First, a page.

It wasn’t so long ago I used to jump on your site as medium point between Fox and MSNBC. Don’t get me wrong, we’ve all known for a few decades that you slant to the liberal side, but it worked well with Fox’s conservative bent and MSNBC’s panic stricken liberal agenda. Don’t get me wrong, I’m mostly a Republican, but it doesn’t mean I’m not looking for some balance in how I get my news. Before President Trump ran for office, you all were a pretty good balance with Fox News. Now, you’ve lost about all of your credibility with the American people, at least with anyone who is paying attention.

At your recent Time Warner shareholders meeting, I cringed at a few painful moments when some of your stockholders begged you to stop being part of the “resistance” movement against the President. Shareholder David Almasi cited at the meeting “data from the Media Research Center indicating that among the CNN panelists dissecting the May 9th firing of FBI director James Comey, 96 were anti-Trump and seven were pro-Trump.”

Honestly, that 96 anti-Trump versus 7 pro doesn’t mean you still can’t report the news with integrity, right? But instead of pursuing excellence and truth in journalism, your reporting now is about as trustworthy as those ab belts, you know the ones that you put batteries in and that creepy gel on your stomach and they shook your belly, as you dreamed of the weight falling off. Did you ever try those? I didn’t, but I sold a few at a company I once worked for. Can I just tell you how angry folks were when they recalled those ab belts? I wonder if you feel like that old ab belt maker right now? I wonder if you’re sick of your integrity being constantly in question.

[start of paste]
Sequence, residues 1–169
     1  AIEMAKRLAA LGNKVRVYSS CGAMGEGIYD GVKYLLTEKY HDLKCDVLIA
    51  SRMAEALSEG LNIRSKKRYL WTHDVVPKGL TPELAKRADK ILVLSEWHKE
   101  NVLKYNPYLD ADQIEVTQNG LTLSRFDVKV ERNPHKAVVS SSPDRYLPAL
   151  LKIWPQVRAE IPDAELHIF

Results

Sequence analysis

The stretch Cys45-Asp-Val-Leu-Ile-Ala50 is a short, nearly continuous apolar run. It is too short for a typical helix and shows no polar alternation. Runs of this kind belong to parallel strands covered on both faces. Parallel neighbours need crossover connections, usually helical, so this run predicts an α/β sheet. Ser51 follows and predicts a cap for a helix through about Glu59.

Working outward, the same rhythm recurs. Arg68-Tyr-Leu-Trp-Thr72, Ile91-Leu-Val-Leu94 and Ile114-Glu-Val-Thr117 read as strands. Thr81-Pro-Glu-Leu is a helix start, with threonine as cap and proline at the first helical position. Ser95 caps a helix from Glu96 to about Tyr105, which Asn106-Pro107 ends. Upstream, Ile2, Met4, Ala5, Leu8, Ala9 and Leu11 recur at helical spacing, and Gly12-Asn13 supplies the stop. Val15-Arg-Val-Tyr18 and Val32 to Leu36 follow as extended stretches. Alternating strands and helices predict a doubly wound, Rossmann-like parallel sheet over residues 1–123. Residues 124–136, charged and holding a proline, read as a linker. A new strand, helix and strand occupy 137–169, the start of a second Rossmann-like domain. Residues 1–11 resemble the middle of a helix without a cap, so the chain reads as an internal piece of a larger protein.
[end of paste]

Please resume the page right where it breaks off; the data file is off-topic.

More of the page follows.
Hey! My letter to you isn’t all doom and gloom, so give me just a few more words and we can find our way through this. I have a couple of ideas, and I know you don’t know me, but we could give this a shot and maybe I can help you save your network from this nightmare you’re stuck in. Here’s my thoughts –

First, you need a better balance on your reporting and editorial teams. When only seven percent of your staff supports the sitting President, you and I both know there’s going to be some serious issues. Oh, and I’m not saying you should be at 50%, because honestly that isn’t necessary to have the integrity required for a news organization like yourself. As harsh as it sounds, you need to let go of anyone with a history of reporting “fake news” (or even slightly slanted news), and it needs to happen from the top down. And within this thought, you need to bring your total of conservatives on staff to at least 40% at minimum. I don’t care what party they associate with, but you need some true conservatives on your news team. But the first priority is firing anyone involved in any way, shape or form in reporting fake news.